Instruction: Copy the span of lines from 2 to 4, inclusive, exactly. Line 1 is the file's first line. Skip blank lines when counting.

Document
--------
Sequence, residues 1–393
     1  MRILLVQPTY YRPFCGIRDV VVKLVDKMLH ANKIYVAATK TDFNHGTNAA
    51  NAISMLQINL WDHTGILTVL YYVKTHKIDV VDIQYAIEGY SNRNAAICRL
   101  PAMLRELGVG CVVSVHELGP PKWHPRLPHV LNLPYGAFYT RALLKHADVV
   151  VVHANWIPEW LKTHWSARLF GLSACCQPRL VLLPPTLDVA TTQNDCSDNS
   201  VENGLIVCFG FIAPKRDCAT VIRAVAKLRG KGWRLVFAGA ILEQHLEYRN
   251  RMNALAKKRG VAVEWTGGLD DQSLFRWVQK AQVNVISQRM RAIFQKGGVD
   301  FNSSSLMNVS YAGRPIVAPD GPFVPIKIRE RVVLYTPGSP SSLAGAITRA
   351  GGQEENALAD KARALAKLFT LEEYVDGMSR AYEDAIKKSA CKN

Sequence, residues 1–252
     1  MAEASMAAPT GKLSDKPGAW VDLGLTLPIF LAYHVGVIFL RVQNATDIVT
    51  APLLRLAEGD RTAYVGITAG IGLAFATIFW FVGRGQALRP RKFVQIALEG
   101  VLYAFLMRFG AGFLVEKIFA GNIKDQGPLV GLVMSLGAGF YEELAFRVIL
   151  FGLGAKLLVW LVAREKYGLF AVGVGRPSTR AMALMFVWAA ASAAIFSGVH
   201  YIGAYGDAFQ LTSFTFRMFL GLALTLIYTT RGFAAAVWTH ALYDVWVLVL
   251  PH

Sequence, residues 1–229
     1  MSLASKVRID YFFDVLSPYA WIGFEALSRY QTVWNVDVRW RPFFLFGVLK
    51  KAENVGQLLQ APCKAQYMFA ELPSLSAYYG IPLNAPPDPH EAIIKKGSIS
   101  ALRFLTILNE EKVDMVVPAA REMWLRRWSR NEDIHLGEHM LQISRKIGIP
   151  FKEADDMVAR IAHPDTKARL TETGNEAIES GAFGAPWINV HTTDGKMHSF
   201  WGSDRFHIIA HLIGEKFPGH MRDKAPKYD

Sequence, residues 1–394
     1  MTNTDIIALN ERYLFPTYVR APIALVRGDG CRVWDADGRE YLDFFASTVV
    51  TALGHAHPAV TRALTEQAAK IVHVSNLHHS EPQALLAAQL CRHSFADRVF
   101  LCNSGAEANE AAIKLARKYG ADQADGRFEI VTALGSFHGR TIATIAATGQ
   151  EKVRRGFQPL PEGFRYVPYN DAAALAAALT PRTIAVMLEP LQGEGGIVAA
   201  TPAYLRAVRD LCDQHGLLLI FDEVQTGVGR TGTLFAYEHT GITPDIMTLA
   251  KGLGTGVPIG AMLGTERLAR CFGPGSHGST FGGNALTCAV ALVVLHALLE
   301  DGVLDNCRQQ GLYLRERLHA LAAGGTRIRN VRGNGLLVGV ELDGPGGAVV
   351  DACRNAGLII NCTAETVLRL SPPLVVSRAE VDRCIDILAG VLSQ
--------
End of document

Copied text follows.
     1  MRILLVQPTY YRPFCGIRDV VVKLVDKMLH ANKIYVAATK TDFNHGTNAA
    51  NAISMLQINL WDHTGILTVL YYVKTHKIDV VDIQYAIEGY SNRNAAICRL
   101  PAMLRELGVG CVVSVHELGP PKWHPRLPHV LNLPYGAFYT RALLKHADVV